316 – Alternate Residence for Priests

Last Updated: 4/10/2011

ARCHDIOCESE OF SAINT PAUL AND MINNEAPOLIS
CLERGY BULLETIN
April 10, 2011
Volume XII Number 1, Revised

ALTERNATE RESIDENCE

Reverend and dear Fathers,

In 1986, after extensive consultation with the Presbyteral Council, my predecessor, the Most Reverend John R. Roach, promulgated an alternative residence policy in the October 6, 1986, Clergy Bulletin. In short, that policy provided rational for the decision to permit an alternative policy and the criteria under which such a residence be proposed. The purpose of this bulletin is to reaffirm our prior policy with a few amendments.

Living in a parish rectory has been the historic experience of priests in the United States. As we know, this arrangement is not always successful, particularly when examined by new priorities and expectations of priests. High on that list of expectations is the hope of a supportive climate conducive to personal growth and effective ministry.

While the Catholic faithful have been wonderfully generous in providing residence for their priests, in recent history rectories typically served a variety of purposes. The development of a multi-purpose facility has not been without problem. Increasingly in the contemporary Church, the rectory has become the logical place to office parish ministries. As a result, the rectory can become less and less a private residence for the priests and more a parish center for staff and public activities for parishioners.

Further, as we experience fewer priests serving a single parish we logically find situations in which one priest lives in a rectory often designated for two or three. In addition, a growing number of priests would seem to prefer to live with another priest or two and they in tum might serve two or three parishes.

While the policy of my predecessors sought to address these tensions in their day, the policy as such was rarely followed. In an effort than to clarify anew our Archdiocesan policy on alternative residences and to adjust to these new priorities, after consultation with the Presbyteral Council, I suppress the October 6, 1988 policy (Clergy Bulletin Vol. XII, N. 1) and affirm the following guidelines for the alternative residence of diocesan priests.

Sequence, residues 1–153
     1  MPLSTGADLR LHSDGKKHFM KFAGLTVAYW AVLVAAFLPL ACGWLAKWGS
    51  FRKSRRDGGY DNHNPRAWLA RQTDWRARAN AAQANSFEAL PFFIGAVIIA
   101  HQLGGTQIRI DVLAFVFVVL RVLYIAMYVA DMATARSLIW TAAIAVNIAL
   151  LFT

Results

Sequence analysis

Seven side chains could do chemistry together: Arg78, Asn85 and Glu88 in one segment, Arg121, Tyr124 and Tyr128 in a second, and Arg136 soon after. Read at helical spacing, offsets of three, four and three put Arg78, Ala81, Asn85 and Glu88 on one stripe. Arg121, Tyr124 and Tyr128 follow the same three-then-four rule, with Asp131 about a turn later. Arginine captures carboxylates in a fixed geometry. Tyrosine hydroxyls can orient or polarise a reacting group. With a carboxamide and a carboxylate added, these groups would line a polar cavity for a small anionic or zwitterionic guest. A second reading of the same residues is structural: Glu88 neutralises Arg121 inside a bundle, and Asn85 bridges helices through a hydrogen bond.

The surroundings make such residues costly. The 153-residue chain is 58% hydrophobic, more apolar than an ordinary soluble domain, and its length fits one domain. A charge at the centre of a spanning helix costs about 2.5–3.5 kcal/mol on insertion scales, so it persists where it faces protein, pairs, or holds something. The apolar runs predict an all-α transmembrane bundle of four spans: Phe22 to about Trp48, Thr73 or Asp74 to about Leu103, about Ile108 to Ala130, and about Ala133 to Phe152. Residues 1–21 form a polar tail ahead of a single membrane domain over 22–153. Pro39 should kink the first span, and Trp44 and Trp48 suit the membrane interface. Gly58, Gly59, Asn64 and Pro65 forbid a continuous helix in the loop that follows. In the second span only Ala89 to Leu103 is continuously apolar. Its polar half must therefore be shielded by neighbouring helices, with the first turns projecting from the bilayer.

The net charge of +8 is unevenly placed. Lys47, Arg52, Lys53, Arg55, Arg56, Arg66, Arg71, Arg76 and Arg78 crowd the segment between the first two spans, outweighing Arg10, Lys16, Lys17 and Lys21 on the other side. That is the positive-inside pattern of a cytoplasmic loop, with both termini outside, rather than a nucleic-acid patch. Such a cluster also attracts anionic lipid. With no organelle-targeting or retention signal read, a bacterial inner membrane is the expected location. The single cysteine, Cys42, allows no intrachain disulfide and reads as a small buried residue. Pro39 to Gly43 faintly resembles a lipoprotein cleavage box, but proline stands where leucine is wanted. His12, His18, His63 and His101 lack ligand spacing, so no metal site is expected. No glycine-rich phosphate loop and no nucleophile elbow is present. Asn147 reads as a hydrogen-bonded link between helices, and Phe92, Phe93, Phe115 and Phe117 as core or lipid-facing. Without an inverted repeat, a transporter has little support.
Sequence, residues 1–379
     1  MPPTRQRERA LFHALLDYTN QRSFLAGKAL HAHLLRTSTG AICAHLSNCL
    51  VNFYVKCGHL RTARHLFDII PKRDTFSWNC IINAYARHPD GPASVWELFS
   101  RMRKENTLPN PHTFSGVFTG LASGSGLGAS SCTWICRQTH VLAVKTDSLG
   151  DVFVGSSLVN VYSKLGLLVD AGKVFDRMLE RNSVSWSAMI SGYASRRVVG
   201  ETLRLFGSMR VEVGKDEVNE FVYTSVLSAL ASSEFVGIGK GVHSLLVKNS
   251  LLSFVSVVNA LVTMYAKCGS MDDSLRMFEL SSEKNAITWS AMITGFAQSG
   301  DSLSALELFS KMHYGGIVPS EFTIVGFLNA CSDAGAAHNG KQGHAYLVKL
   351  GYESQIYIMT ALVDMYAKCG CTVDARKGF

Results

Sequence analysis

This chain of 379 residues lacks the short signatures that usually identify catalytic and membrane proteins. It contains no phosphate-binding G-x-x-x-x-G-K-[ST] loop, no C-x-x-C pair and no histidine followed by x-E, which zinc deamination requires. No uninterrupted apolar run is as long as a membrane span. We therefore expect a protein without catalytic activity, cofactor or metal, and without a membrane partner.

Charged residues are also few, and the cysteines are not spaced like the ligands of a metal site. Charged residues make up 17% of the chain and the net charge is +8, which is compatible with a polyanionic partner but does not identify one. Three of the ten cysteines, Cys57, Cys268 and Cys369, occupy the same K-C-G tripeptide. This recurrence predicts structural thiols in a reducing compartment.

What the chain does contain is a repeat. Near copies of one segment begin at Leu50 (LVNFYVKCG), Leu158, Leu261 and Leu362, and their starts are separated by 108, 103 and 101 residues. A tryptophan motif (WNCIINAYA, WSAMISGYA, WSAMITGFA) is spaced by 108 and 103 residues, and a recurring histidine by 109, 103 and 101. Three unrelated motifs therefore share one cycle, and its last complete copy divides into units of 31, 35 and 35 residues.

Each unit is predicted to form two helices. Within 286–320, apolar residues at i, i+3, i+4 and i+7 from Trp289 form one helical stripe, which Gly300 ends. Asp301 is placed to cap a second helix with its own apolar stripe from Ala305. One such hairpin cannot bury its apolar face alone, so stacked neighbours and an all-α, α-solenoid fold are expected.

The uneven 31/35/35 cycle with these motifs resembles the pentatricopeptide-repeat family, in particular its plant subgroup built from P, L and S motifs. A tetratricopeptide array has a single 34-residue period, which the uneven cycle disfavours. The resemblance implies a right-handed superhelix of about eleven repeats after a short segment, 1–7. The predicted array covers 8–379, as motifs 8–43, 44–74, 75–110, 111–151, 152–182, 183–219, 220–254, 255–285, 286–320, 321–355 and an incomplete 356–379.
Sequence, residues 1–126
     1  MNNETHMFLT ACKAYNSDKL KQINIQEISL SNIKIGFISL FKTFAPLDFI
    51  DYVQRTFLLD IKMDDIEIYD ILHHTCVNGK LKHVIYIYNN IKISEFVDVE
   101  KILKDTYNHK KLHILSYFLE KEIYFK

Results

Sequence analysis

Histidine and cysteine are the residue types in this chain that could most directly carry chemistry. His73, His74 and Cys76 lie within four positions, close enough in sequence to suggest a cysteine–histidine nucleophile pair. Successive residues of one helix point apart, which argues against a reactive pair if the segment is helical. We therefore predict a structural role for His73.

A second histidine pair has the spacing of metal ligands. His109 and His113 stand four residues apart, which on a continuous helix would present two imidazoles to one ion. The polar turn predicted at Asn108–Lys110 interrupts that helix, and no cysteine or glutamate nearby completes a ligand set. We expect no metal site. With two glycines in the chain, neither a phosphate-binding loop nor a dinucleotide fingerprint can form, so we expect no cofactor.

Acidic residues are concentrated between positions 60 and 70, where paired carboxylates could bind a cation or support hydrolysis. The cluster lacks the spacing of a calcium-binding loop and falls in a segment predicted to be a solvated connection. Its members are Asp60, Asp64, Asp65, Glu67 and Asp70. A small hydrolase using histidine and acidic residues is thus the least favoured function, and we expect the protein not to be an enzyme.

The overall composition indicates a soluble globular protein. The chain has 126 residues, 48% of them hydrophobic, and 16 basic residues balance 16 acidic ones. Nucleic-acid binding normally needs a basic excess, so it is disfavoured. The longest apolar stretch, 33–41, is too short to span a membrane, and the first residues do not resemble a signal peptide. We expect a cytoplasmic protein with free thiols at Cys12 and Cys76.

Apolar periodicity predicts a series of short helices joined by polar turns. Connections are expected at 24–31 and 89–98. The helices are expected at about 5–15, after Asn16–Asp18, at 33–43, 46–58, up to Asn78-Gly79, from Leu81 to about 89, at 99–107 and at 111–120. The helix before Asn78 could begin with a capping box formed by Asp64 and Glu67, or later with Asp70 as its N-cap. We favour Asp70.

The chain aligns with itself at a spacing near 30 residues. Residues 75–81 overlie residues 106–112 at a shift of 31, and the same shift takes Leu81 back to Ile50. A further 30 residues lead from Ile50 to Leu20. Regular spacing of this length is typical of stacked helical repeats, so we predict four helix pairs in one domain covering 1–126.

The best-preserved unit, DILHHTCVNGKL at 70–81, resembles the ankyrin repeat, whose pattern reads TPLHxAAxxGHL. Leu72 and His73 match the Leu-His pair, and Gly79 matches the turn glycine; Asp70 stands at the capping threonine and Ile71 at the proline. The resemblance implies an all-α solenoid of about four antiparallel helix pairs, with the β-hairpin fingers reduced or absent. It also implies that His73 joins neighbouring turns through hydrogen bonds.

1. Any proposal by a priest to use a residence other than the parish house or provided institutional housing must take into account the proximity of the priest to the parish or ministerial assignment, as well as the financial situation of the parish or institution. Priests that currently have alternative living arrangements are permitted to keep them during their current assignment, but any arrangements proposed after July 1, 2011, must receive the approval of the Archbishop as well as the unanimous consent of the members of the parish corporate board. A priest who proposes and whose alternate residence proposal is approved is understood to accept the same restrictions for his private residence as would apply to parish or institutional housing (C 533.1, C 550).

Availability:

In accepting or considering assignments, the enjoyment of an alternative residence, even one permanently held, is understood as subordinate to the need to be available to the Church.

The geographical location of a priest’s proposed alternate residence must be given primary consideration. For those in parish work, the priest’s availability to the parish offices and the parishioners should leave him readily accessible within a short period of time.

In determining the residence, attention must be paid to immediate access to the priest in case of emergency so as to provide for the pastoral needs of parishioners.

Finances:

Financing for the residence must be arranged in dialogue with the appropriate consultative bodies, and, in the case of a parochial vicar, with approval of the pastor.

2. The proposal, including the financial arrangements, must be submitted in writing to the Comprehensive Assignment Board for review and for the Archbishop’s approval.

The proposal must include: a.) the location of the residence; b.) arrangements for availability by telephone or other means; and c.) financial arrangements.

3. In deciding upon the advisability and the particular location of such a residence, the benefit of the parish shall be considered paramount.

Given at Saint Paul, Minnesota, this 10th day of April, in the year of Our Lord 2011. All things to the contrary notwithstanding.

The Most Reverend John C. Nienstedt

Archbishop of Saint Paul and Minneapolis

Jennifer Haselberger

Chancellor for Canonical Affairs